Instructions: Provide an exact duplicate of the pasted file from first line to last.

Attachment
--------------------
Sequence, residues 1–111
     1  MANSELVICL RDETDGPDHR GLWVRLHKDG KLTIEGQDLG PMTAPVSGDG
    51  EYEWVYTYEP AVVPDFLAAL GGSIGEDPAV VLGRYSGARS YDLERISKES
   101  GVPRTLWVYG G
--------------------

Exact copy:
Sequence, residues 1–111
     1  MANSELVICL RDETDGPDHR GLWVRLHKDG KLTIEGQDLG PMTAPVSGDG
    51  EYEWVYTYEP AVVPDFLAAL GGSIGEDPAV VLGRYSGARS YDLERISKES
   101  GVPRTLWVYG G